There are some films that feature performances so transcendent, you forget you are watching a movie and begin to believe you are seeing a real person. On occasion these performances can come from fiction, but more often than not, these types of roles come from biopics and historical dramas. It’s still a very short list of actors and artists who can master such a feat, with the only readily available recent examples being Daniel Day-Lewis in Lincoln and David Oyelowo in Selma. However, it is beyond a shadow of a doubt that Natalie Portman has added her name to this list, as her performance in Jackie is so astounding, so triumphant, and so powerful, it is almost impossible to see anyone on that screen than Jackie Kennedy herself as you watch the drama unfold.
November 1963 is one of the darkest periods in American history. John F. Kennedy, a figurehead of America, was struck down in his prime by an assassin’s bullet. The following weeks, as the drama unfurled and one of the grandest funerals in modern history was held, helped to secure not only hope for the future, but Kennedy’s legacy as one of our greatest presidents. However, what much of the country forgets is that while they were mourning a president, the woman holding the funeral was also mourning her beloved husband. And so begins Jackie, a film following Jacqueline Kennedy’s (Portman) longest month, as she grieves her husband, begins moving her children out of the White House, plans her husband’s funeral, plots her legacy, laments to a priest, speaks with a reporter, and just tries to hold herself together.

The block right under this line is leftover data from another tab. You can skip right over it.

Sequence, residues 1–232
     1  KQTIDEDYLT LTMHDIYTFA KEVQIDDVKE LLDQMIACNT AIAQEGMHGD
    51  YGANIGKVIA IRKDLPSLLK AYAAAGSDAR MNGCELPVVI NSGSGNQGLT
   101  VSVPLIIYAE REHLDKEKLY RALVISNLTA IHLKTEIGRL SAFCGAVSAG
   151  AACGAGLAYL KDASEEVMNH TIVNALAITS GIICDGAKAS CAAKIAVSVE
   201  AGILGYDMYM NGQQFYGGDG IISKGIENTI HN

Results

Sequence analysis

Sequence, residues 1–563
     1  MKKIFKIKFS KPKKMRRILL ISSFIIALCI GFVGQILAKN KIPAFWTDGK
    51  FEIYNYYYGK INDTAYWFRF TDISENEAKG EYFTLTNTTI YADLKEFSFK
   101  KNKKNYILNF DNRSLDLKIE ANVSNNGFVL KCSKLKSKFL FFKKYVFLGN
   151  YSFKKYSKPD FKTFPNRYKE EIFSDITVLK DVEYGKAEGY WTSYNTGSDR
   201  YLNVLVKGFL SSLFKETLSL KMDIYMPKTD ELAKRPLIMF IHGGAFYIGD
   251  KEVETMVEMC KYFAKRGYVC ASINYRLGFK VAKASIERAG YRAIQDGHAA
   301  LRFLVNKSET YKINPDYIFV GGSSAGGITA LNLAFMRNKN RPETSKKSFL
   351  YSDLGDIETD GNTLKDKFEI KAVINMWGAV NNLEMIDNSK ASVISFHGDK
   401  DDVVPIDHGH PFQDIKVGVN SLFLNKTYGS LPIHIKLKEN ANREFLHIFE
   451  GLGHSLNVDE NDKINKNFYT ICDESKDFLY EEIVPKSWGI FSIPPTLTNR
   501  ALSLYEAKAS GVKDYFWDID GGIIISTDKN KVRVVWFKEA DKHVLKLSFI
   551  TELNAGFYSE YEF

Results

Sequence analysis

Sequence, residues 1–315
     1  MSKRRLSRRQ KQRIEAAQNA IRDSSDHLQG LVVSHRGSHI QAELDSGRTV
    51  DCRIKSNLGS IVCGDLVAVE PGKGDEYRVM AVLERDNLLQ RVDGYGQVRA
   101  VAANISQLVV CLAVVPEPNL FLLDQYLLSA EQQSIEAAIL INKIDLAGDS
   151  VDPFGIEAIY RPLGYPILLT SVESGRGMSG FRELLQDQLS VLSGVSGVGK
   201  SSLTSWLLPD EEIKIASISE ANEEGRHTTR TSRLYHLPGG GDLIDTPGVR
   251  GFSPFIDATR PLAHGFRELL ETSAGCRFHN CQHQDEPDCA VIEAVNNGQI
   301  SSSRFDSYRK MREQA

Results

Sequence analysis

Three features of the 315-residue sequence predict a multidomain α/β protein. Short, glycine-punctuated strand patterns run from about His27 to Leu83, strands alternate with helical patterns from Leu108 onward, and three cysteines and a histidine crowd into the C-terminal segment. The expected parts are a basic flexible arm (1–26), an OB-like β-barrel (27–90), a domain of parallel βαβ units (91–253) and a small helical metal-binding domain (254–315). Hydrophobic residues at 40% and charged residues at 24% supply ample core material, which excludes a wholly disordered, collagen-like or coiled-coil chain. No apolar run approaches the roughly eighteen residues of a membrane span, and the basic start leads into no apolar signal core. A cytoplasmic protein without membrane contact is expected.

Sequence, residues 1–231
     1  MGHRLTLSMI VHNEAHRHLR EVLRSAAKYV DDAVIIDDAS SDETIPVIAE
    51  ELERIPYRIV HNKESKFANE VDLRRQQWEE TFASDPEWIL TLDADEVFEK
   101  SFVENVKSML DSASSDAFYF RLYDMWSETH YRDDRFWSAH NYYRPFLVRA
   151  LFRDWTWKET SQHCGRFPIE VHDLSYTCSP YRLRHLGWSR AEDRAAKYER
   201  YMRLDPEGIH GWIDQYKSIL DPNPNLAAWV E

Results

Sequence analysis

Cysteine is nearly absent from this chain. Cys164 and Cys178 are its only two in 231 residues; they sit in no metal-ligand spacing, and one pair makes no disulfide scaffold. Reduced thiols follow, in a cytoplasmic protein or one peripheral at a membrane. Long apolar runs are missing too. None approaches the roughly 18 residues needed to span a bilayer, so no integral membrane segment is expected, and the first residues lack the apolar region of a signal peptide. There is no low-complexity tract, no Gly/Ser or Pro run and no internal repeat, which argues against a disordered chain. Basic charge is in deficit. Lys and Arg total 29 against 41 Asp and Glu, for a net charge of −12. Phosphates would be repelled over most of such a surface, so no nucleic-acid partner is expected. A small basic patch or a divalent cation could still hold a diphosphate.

This is a film about legacy. What is a legacy? How do we secure one, earned or otherwise? Jackie Kennedy, despite the popular perception that she was some beautiful trophy wife with an odd voice, was really a master strategist. Ever conscious of the fact that any misstep of the planning of her husband’s funeral, any misspoken word to the press, any out of place smile or furrowed brow could be interpreted incorrectly, she took control of studying Abraham Lincoln’s funeral arrangements and formatting Kennedy’s around it, hoping to turn the idealistic young progressive who only served for three years into our country’s ideal hero. John F. Kennedy may have been our King Arthur of Camelot, but he only achieved this title because Jackie is both our Guenivere and our Thomas Mallory, both the woman who inspired the leader and the one who wrote down and created his legacy for generations to come. This is a film that explores how she did just that, and it is astounding to watch her work.
The idea of legacy is furthered by the fact that this entire film is designed to look as if it’s fashioned in Mrs. Kennedy’s mind. She is present in every scene of the movie, the film is chopped as if it is a series of memories, jumping around devoid of time or order, as a grieving woman must consider her past, her present, and her future all at once. It at first presents a shocking, fever-dream style reality, but soon settles in, showing us both a glimpse inside the mind of an enigmatic and important figure as well as a glimpse inside a world of fame, history-making, and grief. Director Pablo Larraín’s filmmaking elevate an already strong screenplay by Noah Oppenheim in order to create this strange, painful world in which our heroine existed in an all too painful way. If, as Jackie claims, her goal was to create a fairy tale, so the people had someone to believe in, then this film has its cake and eats it too: creating a realistic world filled with behind-the-scenes drama, while also assisting in the mythmaking, crafting Jackie Kennedy as a legendary figure who existed in a much simpler time, when our government was filled with people we idolized and our country continued to grow and progress. It creates one of the most heartbreaking films of the year, while also being one of the most uplifting, in an odd sort of way.